Daily Reflection
May 11th, 1999
John Horn, S.J.
Institute for Priestly Formation
Acts 16:22-34
John 16:5-11
ďAt that late hour of the night he took them in and bathed their wounds;
then he and his whole family were baptized.Ē
Acts of the Apostles 16:22-34

After witnessing some extraordinary events, the jailer who had been guarding the imprisoned disciples is moved to convert.  He and his whole family become disciples!  The interior movements in the jailerís heart should be noticed, especially the sorrow which takes him to bathe the wounds of those he had previously held captive.  This is how further conversion to Jesusí Spirit can work in us!

The jailer is living a simple and ordinary life, doing what needs to be done to pay the bills for his family.  Itís basically a dull life.  I suspect he is living in a numb state of affairs, in a status quo manner, half-dead and half-alive.

In the middle of a natural disaster, an earthquake, the jailer witnesses some amazing good occurring for people who already knew Jesusí loving presence even while enduring the personal disaster of unfair imprisonment.  After an initial riveting fear, the jailerís misdirected sorrow then becomes directed towards life as he permits himself to hear and respond to a plea.  He responds by asking the disciples how to receive life through Jesus.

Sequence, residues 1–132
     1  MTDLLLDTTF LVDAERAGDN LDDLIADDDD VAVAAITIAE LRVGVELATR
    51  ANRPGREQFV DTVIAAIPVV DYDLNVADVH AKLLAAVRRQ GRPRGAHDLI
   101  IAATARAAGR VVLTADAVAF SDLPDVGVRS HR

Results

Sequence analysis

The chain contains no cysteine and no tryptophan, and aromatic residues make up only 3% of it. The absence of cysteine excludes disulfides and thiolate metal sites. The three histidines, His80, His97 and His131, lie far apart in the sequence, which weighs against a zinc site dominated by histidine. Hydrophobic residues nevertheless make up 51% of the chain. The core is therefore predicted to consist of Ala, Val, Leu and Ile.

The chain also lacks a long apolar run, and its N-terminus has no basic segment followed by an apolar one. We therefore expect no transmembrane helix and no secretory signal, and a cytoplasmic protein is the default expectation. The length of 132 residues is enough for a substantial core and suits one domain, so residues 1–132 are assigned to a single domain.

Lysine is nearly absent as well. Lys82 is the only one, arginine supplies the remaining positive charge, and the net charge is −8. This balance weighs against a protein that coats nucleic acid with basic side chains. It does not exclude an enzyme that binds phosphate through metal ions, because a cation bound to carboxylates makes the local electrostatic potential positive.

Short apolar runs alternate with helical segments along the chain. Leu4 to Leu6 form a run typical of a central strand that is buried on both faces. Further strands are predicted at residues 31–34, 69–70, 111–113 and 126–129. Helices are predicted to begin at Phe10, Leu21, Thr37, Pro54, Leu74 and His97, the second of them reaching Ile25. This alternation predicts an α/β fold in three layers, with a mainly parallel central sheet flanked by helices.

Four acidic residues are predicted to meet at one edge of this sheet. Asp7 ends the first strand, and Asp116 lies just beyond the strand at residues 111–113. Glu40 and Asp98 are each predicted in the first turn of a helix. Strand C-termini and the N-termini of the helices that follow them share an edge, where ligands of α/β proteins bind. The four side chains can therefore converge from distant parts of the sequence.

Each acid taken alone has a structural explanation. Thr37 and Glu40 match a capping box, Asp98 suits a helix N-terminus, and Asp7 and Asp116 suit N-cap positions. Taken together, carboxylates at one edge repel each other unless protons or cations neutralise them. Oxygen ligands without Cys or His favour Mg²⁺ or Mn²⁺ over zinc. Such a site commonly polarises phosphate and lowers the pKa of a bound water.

The direction of the interior sorrow is vital.  Conversion means ďan inner turning.Ē  The jailerís sorrow can be converted into a deepening of what has made him half-dead already, moving him towards despair and suicide.  Or, the jailerís sorrow can breed new life by relating it with Jesusí Spirit.  Thank God he responded to the disciples' plea!

Sorrow, when related with Jesusí Spirit, brings relief and new life for all of us.  The paradox here is that the jailer and his family are set free from being imprisoned in a dull, half-dead way of living.  And, this can be the case for any of us.  We need to be more deeply converted, set free from a numb, status quo manner of living.  May all of our sorrows be admitted readily and be placed in relationship with Jesus who gives life, taking us to bathe and repair wounds that we had helped cause. 

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